Michael Cunningham's newest novel is named after a fairy tale. But this is no Disney fantasy. Instead The Snow Queen is a story of death, drugs and aging (not always gracefully).
The Essential Ellen Willis focuses on the writer's explicitly feminist culture criticism. It was edited by Willis' daughter, who published an earlier collection of her mother's essays in 2011.
Before graduating, some seniors take time to pull off the perfect prank. But it's not just childish behavior. Journalist Annie Murphy Paul says pranks showcase creativity and attention to detail.
The 1957 Norman Rockwell painting of Boston Red Sox players in a locker room was sold Thursday by Christie's auction house. The work first appeared on a magazine that sold for 15 cents.
Also: Philip Roth schedules another interview; Neil Patrick Harris' autobiography.
The Vacationers is a cinematic family drama set on the picturesque island of Mallorca. While the narrative arc verges on predictable, the book's screwball charms make for a pleasant diversion.
Monica Byrne's post-apocalyptic novel follows two women on dangerous journeys around India and Africa; reviewer Jason Heller says the vivid, haunting prose staggers under the weight of too many ideas.
Political journalist Elizabeth Drew chronicled the events of 1974 in her recently-reissued Washington Journal. She tells NPR's Robert Siegel that she sees "a certain nobility" in Nixon's resilience.
The annual Cannes Film Festival is underway. Audie Cornish talks with Xan Brooks, a writer for The Guardian, about his favorite movies so far. He also notes some of the festival's bombs.
Charles and David Koch have spent hundreds of millions of dollars trying to bring their libertarian views into the mainstream. In a new book, Daniel Schulman looks at the roots of their ideology.
Francine Prose's latest novel was inspired by a 1932 photo of two lesbians, one of whom was in the Gestapo. Critic Maureen Corrigan says it's an ingenious excursion into the Parisian demimonde.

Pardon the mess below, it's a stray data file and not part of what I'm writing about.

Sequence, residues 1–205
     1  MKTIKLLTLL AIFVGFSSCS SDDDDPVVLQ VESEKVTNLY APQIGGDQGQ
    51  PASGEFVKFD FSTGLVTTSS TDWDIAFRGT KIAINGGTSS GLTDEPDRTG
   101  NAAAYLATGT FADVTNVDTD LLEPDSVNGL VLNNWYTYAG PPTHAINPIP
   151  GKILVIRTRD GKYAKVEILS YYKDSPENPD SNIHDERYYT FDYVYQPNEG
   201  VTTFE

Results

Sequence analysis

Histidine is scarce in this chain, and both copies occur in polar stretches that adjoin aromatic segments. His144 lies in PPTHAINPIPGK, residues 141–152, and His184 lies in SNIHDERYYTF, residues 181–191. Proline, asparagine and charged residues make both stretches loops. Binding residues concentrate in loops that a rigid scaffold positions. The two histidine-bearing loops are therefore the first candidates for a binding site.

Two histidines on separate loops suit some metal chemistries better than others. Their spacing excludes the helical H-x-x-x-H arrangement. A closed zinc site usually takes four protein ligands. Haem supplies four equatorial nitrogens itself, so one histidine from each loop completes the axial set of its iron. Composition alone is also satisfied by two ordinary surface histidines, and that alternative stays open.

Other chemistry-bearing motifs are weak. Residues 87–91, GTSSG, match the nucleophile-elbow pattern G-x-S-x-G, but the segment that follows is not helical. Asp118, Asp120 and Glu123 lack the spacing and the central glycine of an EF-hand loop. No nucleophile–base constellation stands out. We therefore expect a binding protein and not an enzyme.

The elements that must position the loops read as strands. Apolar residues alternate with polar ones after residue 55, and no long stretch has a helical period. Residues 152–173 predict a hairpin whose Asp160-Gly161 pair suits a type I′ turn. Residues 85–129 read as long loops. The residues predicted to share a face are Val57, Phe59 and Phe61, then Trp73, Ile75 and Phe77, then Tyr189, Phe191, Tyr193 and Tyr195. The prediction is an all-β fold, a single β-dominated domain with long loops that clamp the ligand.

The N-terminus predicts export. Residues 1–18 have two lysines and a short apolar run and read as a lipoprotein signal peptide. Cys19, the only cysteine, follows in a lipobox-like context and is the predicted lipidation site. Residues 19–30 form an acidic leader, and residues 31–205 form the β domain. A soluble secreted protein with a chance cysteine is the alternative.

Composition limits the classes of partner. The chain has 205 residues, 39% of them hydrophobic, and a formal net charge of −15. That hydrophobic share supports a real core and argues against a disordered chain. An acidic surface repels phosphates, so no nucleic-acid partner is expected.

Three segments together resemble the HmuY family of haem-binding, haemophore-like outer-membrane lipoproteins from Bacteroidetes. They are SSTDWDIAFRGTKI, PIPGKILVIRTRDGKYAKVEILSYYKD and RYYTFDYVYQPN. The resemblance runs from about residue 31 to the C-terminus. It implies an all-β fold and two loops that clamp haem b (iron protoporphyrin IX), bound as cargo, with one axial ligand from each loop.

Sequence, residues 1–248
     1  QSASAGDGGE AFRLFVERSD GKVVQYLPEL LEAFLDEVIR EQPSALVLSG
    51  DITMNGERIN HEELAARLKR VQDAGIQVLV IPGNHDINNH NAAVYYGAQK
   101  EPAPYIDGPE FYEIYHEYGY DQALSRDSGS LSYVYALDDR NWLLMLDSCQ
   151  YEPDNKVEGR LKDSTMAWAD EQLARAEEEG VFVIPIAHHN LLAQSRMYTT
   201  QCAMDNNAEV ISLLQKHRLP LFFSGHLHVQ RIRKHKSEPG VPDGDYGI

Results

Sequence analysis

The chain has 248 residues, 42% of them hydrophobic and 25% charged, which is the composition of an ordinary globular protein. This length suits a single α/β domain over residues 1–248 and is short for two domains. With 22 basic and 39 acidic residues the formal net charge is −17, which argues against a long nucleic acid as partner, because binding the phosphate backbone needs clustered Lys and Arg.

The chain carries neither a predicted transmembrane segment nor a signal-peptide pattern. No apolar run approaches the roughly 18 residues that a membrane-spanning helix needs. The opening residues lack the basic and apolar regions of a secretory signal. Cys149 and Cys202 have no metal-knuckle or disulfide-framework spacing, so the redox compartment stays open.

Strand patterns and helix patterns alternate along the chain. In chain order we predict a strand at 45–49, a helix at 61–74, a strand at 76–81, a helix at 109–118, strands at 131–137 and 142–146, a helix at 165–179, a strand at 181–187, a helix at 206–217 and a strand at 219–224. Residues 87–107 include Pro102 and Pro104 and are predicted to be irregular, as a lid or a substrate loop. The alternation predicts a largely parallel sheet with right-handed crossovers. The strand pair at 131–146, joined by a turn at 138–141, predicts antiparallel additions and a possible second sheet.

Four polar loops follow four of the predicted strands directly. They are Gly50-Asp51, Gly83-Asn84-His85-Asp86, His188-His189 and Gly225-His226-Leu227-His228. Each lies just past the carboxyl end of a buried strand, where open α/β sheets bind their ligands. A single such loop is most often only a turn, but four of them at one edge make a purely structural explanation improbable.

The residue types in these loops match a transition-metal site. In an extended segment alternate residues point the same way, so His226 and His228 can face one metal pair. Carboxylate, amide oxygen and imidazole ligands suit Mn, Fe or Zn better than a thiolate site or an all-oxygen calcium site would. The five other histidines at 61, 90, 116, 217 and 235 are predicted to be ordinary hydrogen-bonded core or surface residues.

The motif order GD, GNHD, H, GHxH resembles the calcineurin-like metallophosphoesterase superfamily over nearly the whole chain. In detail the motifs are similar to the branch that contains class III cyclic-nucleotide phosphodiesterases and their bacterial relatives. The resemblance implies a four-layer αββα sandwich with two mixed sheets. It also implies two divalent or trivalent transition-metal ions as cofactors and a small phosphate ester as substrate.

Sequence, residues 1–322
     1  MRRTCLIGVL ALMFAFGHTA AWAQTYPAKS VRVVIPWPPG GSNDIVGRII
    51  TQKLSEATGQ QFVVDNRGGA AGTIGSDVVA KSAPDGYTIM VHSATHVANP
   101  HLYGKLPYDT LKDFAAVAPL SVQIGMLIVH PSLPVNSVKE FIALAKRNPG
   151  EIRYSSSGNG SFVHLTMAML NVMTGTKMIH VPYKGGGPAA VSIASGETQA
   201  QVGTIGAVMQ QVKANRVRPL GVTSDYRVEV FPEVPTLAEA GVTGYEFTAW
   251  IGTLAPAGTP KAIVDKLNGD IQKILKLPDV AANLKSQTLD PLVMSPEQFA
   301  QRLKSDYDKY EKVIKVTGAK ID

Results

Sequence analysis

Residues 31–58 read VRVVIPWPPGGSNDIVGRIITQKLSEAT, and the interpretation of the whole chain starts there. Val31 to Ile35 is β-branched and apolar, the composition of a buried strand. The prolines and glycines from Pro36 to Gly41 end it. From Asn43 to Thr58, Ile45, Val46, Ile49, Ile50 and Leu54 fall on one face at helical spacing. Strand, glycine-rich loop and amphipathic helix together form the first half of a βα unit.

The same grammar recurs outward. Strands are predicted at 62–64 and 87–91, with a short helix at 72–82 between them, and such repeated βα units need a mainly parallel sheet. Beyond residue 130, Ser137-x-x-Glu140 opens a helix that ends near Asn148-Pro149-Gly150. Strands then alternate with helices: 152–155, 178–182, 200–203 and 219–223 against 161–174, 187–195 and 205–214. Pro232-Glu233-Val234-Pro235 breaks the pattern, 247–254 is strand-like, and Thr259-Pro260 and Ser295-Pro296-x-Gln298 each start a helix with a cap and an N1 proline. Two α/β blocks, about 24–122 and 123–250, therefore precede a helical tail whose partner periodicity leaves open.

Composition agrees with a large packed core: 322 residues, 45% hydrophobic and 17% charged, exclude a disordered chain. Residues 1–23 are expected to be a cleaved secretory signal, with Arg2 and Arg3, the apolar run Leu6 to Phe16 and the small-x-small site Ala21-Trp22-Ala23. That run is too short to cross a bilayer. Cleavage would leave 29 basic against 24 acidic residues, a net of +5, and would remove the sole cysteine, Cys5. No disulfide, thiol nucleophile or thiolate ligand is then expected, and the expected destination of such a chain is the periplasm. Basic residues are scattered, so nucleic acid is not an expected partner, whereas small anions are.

Today, we learned the title of the upcoming sequel to Man Of Steel, and we're really crossing our fingers that the whole thing is about the Rule Against Perpetuities.
A young couple got hooked on durians after one life-changing bite in 2009. And after two years of tracking the stinky sweet fruit through Southeast Asia, they've become experts on durian tourism.
A recent episode of FX show Louie raised some controversial questions about women, weight and body image. Did the episode miss the mark? Our panel of writers and bloggers weigh in.
"Everyone must leave something behind," the author once wrote. Also: Philip Roth retires from sandwich eating. And Jane Fonda is writing a novel.
in Jo Walton's elegant, heartbreaking new novel, an elderly woman remembers two distinct lives and families, in parallel timelines splitting off from one crucial decision: to marry, or not to marry?
Filmmaker Aaron Yeger tells the story of Roma Holocaust victims in the documentary A People Uncounted, and he joins the program to explain more.
Robert Siegel speaks with Alexander Stinton, the winner of the 2014 Sophie Kerr Prize, the nation's largest undergraduate literary award. Stinton is a graduate of Washington College.
Rudolph's prime-time NBC special is the latest rare attempt by network TV to revive the long-dormant genre. Fresh Air's critic doesn't think they succeeded, but he encourages TV to try, try again.
The writer is best known for his semi-autobiographical novels about an Englishman from a posh but monstrous family. St. Aubyn's new book marks a departure from his regular writing style.